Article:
When the F-5 rolled out in 1922, Lloyd Loar's new design revolutionized the mandolin, greatly expanding the instrument's role in American music. But that doesn't mean Gibson mandolins made before 1922 should be overlooked! Orville Gibson founded the Gibson Mandolin-Guitar Mfg. Co., Ltd with a carved mandolin design, so from its outset, the Gibson brand was always ahead of the curve with mandolins.
Introduced in 1902, the F-4 was Gibson's top-of-the-line mandolin until the F-5 hit, and the F-4 certainly looks the part. Sure, the F-5 is an influential mandolin, but the F-4 looks absolutely gorgeous. The red sunburst ages beautifully over the years, and something about the color sets off the detail of the carved scroll and the figure of the one-piece Maple back so nicely. Plus, the earlier F-4s were made without metal truss rods in the neck—a subtle detail for sound, but it allows the elaborate double flowerpot inlay on the peghead.
Make no mistake, the F-4 sounds every bit as beautiful as it looks. The shorter neck positions the bridge closer to the tailpiece. Combined with the oval hole, this gives the F-4 a mellower, sweeter tone than you expect from an F-model. A natural choice for classical or old-time music, the F-4 also shines for gypsy jazz or folk music—really anything where a softer mandolin attack is desired. Nevertheless, it remains fuller than an A (as expected from an F-model)—it's just not as in your face as the Lloyd Loar design.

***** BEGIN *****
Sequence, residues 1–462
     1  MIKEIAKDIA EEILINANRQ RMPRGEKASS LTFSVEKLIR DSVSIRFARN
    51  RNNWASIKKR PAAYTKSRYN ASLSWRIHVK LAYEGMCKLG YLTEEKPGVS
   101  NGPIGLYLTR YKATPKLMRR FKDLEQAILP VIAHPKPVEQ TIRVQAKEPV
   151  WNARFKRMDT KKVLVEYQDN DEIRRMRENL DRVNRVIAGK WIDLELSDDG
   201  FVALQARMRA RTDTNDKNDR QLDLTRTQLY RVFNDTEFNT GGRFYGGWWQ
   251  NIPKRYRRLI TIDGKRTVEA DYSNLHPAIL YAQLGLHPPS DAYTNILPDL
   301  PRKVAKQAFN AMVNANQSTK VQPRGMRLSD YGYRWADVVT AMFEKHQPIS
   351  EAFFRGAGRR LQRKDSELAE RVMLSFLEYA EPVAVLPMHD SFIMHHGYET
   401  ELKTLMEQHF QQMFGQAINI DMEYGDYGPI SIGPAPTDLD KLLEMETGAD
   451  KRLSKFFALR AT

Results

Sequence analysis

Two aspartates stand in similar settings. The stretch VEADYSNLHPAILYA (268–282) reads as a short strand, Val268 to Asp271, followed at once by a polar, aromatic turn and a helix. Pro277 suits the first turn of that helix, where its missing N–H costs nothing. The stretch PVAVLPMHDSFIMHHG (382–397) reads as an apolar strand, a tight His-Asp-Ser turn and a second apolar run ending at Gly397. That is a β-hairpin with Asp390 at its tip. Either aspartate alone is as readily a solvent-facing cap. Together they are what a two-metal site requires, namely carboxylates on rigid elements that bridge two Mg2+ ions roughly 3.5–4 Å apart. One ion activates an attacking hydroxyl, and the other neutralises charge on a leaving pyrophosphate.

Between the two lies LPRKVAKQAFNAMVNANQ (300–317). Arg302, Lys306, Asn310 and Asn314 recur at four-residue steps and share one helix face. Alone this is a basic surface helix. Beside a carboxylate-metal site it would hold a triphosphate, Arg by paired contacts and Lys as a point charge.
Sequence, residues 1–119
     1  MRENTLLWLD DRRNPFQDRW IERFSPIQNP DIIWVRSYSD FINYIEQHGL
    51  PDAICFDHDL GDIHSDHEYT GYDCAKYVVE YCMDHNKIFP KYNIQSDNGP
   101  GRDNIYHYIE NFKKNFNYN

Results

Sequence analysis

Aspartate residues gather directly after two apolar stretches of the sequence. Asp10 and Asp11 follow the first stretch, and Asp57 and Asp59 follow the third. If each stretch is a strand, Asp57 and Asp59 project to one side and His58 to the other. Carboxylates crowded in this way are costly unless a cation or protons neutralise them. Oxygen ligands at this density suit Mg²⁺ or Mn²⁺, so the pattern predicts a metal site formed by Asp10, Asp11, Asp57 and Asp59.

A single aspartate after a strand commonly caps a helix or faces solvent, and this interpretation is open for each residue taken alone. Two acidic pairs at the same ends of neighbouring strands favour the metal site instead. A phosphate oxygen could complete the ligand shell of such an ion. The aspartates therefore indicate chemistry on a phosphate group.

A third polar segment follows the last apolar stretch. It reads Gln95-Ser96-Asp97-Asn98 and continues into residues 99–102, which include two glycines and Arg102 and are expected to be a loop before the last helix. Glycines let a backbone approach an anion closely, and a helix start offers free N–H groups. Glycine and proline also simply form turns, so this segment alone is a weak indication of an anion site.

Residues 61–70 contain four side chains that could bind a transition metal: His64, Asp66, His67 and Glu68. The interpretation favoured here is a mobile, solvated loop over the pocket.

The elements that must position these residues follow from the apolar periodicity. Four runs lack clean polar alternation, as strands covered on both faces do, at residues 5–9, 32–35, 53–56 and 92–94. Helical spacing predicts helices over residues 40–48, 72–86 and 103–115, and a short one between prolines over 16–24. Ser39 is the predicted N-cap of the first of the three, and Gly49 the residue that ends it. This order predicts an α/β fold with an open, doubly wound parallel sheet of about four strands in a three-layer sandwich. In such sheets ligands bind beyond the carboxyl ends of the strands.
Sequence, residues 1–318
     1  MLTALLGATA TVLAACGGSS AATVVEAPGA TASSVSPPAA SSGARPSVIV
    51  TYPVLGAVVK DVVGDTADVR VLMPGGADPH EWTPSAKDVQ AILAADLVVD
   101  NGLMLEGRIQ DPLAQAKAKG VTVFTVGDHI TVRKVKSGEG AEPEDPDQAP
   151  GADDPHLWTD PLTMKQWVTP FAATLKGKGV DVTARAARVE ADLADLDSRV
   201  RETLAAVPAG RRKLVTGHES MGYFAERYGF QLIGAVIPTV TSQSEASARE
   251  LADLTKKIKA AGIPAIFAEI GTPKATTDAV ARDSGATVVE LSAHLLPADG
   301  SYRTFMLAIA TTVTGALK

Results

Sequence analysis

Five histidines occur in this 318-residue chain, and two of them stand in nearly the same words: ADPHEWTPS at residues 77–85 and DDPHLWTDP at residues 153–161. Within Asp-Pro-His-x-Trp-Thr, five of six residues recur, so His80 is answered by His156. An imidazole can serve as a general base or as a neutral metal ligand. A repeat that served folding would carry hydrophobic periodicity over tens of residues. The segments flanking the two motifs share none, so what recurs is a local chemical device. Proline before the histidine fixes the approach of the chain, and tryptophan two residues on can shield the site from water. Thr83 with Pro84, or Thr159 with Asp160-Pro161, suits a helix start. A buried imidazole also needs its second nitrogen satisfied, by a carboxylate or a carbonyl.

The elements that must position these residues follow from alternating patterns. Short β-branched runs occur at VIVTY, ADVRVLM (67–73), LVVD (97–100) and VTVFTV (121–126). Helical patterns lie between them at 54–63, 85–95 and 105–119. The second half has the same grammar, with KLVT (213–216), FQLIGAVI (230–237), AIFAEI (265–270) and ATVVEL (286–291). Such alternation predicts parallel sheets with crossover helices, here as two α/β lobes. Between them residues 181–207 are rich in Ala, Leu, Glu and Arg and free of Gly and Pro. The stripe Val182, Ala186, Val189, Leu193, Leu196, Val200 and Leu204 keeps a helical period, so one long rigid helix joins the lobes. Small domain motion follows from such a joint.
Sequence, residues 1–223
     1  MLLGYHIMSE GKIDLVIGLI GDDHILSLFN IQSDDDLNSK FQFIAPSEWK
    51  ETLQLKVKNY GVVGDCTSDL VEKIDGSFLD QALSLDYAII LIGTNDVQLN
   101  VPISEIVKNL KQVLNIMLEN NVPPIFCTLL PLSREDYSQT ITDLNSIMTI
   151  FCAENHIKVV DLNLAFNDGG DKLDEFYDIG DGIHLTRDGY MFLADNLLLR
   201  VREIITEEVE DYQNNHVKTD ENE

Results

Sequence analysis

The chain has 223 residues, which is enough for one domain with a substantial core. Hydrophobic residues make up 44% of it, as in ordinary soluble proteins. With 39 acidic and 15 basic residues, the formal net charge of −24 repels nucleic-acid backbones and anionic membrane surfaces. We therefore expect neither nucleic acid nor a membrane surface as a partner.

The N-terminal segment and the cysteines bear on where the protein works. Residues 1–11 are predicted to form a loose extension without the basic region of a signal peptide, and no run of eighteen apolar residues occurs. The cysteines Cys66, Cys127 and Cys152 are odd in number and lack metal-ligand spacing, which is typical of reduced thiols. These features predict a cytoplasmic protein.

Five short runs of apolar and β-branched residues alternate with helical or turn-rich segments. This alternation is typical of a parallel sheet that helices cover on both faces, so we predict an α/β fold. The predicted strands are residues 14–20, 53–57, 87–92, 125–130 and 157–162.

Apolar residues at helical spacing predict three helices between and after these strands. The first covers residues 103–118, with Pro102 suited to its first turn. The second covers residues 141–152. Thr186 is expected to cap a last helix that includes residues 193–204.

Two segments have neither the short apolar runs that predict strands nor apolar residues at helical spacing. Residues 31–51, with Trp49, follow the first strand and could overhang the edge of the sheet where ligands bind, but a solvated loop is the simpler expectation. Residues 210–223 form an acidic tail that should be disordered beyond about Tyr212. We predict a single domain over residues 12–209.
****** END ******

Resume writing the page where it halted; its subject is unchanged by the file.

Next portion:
This 1915 Gibson F-4 is a beautiful example of the earlier pre-truss-rod spec with the double flowerpot inlay. It is a great player with warm, nuanced tone. As to be expected from a 100+ year old instrument, this F-4 shows some signs of wear and tear. There is a repaired top crack by the scroll that involved some drop-fill lacquer to mask the witness line. There are various binding repairs and breaks, and there are some lacquer overspray touchups on the top. The nut and bridge have both been replaced, and it looks like the headstock scroll was slightly reglued (luckily the peghead overlay was spared). Although it has been refretted, the frets are pretty low. At present, it plays clean and true, but if this mandolin became someone's every-day player, it will likely need new frets after a few years.
This 1915 Gibson F-4 captures the tone and feel of a bygone era of American music. It's a visually-stunning mandolin in so many ways—the finish, the Maple grain, the elaborate rosette, the engraved tuner buttons, the double flowerpot, etc. But make no mistake—it has the tone to back it up! It includes its original case, which has broken handle that has been replaced with leather straps.